Sunshine and words of advice illuminate 2016 Commencement at AT&T Park
The aromas of perfume and barbeque sauce mingled in the breezy McCovey Cove air as graduates, their friends and their family filtered into sunny AT&T Park for the 2016 SF State Commencement on Friday.
After thanking those in attendance and praising the accomplishments, diversity, and sheer size of this year’s graduating class, SF State President Leslie E. Wong introduced Claudia Corona, one of the 12 hood recipients honored by the University each year. Corona recounted the childhood encouragement that led to an interest in science and shared some advice with the packed stadium.
“I want you all to stay curious. About everything– now and always,” Corona said. “You and I are here today because we were driven by our desire to be better, to know more, and to move forward.”
Following the conferral of honorary degrees, Robert Nava, vice president of university advancement, presented the graduating class’ gift to the University. A traditional offering at every graduation, this year’s class gift was a donation to the HOPE fund, a reserve set aside for students who experience crisis during their time at SF State.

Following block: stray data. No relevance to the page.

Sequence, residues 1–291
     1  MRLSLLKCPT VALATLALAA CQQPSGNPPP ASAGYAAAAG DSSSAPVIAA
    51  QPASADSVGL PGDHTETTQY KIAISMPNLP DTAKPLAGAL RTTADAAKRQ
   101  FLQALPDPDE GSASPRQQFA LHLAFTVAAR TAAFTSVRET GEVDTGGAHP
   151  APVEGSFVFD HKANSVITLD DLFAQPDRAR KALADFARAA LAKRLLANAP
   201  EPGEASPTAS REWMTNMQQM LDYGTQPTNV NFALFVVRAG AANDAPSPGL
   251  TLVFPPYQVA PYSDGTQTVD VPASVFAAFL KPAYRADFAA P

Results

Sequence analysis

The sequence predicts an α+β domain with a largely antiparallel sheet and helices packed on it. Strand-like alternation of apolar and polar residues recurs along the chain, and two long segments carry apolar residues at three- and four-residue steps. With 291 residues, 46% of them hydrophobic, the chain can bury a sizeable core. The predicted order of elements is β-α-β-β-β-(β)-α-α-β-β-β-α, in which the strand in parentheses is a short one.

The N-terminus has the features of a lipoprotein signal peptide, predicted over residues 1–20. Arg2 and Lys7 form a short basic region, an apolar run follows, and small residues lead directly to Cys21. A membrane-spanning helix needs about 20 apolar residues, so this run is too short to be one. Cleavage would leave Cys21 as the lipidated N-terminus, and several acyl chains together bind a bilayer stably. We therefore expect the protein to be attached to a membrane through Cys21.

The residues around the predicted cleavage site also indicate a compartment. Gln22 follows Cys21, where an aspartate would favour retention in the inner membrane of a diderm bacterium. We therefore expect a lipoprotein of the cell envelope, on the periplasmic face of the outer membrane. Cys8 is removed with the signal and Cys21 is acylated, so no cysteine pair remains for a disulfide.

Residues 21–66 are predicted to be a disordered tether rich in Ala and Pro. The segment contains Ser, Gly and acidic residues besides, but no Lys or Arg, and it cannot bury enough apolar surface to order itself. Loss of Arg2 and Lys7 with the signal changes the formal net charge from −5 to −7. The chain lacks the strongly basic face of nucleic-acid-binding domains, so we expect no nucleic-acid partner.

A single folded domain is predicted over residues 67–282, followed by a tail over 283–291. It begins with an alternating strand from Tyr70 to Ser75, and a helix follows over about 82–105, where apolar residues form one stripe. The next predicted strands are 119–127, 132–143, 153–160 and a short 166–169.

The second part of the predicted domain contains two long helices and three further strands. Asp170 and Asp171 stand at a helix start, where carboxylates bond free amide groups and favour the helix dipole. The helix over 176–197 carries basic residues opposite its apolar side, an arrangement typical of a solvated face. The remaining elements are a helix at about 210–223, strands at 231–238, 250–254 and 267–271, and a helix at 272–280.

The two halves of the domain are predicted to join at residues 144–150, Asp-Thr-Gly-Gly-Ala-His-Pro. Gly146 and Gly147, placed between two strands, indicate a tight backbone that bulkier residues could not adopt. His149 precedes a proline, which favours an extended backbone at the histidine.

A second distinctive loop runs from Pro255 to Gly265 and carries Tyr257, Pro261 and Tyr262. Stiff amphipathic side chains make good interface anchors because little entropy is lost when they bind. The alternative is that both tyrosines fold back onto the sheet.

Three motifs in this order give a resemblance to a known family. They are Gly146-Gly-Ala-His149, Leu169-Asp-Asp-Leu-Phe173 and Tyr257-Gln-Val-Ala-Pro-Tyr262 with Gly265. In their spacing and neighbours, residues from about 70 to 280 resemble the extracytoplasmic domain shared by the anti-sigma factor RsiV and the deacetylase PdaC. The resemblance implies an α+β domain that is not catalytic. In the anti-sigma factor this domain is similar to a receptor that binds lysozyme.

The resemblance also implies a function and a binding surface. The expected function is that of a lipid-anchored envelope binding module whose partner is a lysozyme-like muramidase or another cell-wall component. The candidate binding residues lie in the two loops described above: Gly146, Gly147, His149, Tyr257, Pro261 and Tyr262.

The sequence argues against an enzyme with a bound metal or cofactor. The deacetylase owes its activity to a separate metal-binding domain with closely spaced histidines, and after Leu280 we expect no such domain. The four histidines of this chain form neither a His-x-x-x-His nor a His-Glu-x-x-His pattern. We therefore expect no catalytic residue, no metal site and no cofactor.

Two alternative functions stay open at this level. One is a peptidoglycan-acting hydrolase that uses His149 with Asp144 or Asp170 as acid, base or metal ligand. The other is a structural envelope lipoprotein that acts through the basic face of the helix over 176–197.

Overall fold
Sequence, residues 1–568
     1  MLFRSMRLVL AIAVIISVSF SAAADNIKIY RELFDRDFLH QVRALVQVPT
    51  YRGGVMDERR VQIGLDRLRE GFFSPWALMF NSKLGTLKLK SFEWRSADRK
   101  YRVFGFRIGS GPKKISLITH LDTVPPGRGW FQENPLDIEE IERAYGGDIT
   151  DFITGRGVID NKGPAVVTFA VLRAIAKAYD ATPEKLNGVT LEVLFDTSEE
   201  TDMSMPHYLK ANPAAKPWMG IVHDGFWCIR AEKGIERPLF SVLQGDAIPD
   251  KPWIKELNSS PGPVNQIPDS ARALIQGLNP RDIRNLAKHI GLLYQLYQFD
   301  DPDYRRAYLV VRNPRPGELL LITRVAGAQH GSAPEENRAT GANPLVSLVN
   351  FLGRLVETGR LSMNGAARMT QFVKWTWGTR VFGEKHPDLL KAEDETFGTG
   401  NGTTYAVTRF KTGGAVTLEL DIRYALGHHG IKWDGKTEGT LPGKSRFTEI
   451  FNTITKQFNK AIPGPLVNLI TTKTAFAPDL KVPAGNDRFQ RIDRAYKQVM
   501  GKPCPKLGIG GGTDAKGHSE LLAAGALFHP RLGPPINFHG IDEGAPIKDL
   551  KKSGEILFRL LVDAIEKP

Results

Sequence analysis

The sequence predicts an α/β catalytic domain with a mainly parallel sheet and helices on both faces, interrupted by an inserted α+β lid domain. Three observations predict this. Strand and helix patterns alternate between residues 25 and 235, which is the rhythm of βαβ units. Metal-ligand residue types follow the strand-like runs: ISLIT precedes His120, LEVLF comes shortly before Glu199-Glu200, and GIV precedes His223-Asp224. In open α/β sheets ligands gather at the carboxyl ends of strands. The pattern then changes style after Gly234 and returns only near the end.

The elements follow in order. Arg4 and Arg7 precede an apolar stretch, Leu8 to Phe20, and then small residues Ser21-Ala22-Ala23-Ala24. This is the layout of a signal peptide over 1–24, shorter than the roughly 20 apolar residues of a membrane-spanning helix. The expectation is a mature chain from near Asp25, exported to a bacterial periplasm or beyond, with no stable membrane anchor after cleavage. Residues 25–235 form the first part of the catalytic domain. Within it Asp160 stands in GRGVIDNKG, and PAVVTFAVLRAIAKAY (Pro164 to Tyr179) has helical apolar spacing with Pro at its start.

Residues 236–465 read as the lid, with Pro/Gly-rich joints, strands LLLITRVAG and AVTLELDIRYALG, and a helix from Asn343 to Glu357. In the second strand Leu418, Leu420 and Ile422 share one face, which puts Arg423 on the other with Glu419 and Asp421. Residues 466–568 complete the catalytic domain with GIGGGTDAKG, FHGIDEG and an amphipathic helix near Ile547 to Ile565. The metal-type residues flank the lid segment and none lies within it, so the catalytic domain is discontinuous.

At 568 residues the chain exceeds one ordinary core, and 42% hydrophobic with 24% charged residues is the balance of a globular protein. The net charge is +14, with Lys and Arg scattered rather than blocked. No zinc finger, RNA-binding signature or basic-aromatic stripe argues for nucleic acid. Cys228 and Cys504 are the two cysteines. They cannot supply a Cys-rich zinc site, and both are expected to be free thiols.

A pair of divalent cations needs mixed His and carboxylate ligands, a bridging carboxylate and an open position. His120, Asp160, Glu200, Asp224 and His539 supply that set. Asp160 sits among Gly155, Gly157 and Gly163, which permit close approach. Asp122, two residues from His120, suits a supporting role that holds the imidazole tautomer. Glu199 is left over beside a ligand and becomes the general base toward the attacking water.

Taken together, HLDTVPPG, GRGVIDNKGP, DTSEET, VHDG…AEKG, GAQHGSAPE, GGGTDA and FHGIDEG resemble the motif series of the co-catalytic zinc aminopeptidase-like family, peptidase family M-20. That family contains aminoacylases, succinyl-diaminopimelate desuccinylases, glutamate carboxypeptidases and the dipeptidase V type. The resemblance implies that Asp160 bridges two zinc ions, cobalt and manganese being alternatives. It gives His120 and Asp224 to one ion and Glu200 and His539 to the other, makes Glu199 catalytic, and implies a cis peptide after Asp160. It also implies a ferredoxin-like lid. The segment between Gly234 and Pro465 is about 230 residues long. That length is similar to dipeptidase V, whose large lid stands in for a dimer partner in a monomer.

“I’ve absolutely felt what you’ve all felt right now,” said Jonas Rivera, this year’s Commencement speaker, SF State alumni and Bay Area native. “I know there are a million questions rolling around in your head as you walk out of here today, into the real world… Will my work pay off? Will I be able to build a successful career?”
Rivera acknowledged that while these concerns could feel overwhelming, it was important to stay organized and prioritize, revealing that he had missed his own Commencement in 1995. He had just started a new internship at Pixar, joining the young animation studio the same year as the launch of Toy Story, the world’s first feature-length computer-animated film.
“The trick is to know that you will get overwhelmed from time to time,” Rivera said. “And when that happens you have to try to force yourself to tackle the biggest things first.”
Air horns, cheers, and whistles punctuated triumphant classical and marching band standards as graduates flanked home plate to accept their diplomas. With a handshake and the passing of a leather-bound diploma, students ran, danced, and hugged their way off the field and on to tackle bigger things.